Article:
By any means necessary

2013.04.25 - 06.14.

By Any Means Necessary

group exhibition at acb Gallery

The exhibition explores radical artistic expressions in contemporary art. It features artworks from the past decade and the recent past, which react to a social or political situation or phenomenon, but, offering more than mere critique, they also urge us to take a stand for or against the given issue. These artistic statements, in most cases, do not tread lightly; stretching the limits of conventional tastes and consensual norms, they shock and provoke their audience into assuming a standpoint. Their activism directly or indirectly relates to art and explores the social role of art and the artist, thus touching on the periodically resurfacing problematic of the autonomy of art.

The artists participating in the exhibition focus their creative practice on their relationship to power, be it political and/or economic power, majority opinion, or prejudice. In accordance with this, the displayed artworks also include some that express an opposition to oppressive dictatorial rule, some that take a stand against current political tendencies, and some that raise their voice against attitudes of oppression and exclusion prevalent in mainstream society.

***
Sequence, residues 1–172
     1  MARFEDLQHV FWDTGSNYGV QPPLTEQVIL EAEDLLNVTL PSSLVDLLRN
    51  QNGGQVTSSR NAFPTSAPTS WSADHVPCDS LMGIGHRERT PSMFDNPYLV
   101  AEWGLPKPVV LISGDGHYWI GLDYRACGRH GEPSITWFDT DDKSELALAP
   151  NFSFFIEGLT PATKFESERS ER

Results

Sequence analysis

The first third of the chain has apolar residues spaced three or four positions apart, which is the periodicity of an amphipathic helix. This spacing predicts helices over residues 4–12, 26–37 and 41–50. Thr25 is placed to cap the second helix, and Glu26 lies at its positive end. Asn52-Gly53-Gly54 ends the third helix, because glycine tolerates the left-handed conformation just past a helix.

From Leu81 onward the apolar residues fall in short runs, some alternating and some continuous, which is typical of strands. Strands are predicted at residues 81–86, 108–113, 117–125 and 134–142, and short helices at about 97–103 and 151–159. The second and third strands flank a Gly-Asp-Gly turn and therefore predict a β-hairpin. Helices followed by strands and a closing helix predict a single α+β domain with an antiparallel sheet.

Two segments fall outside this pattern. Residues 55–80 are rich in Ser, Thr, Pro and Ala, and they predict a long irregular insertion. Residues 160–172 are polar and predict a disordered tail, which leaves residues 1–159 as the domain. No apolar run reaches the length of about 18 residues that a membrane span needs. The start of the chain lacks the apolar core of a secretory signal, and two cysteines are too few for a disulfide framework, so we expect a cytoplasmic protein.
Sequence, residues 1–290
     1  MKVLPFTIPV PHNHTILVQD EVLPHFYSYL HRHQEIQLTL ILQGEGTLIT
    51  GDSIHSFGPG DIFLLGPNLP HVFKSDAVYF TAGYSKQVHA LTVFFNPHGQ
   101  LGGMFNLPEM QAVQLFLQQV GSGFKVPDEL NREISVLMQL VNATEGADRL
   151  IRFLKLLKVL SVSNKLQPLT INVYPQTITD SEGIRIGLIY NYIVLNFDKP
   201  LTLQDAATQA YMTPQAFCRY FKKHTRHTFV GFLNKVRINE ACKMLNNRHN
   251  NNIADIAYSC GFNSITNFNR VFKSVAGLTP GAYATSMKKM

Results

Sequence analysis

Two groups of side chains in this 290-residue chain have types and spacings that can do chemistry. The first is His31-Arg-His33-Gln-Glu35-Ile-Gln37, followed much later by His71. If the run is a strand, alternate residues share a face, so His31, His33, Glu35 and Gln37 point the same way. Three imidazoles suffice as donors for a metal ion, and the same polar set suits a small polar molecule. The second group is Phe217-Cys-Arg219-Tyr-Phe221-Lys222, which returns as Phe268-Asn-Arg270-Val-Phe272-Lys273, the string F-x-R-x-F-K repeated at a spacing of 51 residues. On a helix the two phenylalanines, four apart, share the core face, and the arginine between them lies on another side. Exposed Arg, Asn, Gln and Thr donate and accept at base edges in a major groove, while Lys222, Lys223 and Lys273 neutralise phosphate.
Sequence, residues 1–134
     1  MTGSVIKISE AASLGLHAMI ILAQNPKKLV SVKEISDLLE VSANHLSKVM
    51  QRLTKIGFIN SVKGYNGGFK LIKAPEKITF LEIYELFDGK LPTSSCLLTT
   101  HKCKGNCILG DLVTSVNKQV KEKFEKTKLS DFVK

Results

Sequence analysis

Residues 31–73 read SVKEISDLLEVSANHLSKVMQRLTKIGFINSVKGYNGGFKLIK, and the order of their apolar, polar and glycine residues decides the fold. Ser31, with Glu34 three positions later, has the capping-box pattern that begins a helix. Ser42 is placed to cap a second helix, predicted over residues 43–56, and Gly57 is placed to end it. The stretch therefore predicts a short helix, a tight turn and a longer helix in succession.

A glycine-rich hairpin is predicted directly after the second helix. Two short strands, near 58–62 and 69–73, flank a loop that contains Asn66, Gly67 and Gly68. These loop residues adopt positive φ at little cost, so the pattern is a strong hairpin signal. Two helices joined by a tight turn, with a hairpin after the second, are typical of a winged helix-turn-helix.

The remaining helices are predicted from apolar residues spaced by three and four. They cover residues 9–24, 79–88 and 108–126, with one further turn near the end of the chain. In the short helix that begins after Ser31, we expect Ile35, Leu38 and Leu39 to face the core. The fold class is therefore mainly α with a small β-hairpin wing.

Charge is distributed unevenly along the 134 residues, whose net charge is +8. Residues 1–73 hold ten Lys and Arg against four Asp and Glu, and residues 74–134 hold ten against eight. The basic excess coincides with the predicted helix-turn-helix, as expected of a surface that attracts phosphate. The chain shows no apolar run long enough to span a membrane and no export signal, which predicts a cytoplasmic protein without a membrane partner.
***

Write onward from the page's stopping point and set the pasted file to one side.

The majority of the radically toned artworks displayed at the exhibition simultaneously draw on the millennia-long traditions of political and religious propaganda and the daily expanding arsenal of marketing strategies within consumer culture. A number of featured works carry a personal quality that points past any personal sense of relating that can be prompted by their manifest-like presentation. In a few cases, the exhibiting artists openly cross the boundaries of the ethical norms – be they spoken or unspoken – of artistic expression.

The title By Any Means Necessary comes from a work of the same title by South-African artist Kendell Geers, which will also be featured at the exhibition, and which was displayed in its original, English language version at the Guggenheim Museum in 1995.

The exhibition, in addition to offering radical artistic positions, also explores the role of the contemporary commercial gallery as an institution: aside from allowing room for free artistic expression, to what extent can a commercial gallery assume a social role? Can the exhibition of a commercial gallery serve as an authentic platform for taking a stand for or against a particular issue? Can a commercial gallery be radical?

We would like to thank the following persons and institutions for their help in the realization of the exhibition:

Artpool Art Research Center, Christie Digital Systems, Irokéz Collection, Glowing Bulbs, Borbála Major, King St. Stephen Museum, Annamária Szőke,, Vintage Gallery




Péter Szalay: Residual Value


In the first exhibition held at acb attachment, Péter Szalay explores – and combines through recycling – tried and tested forms of preserving and presenting mementos and material remains.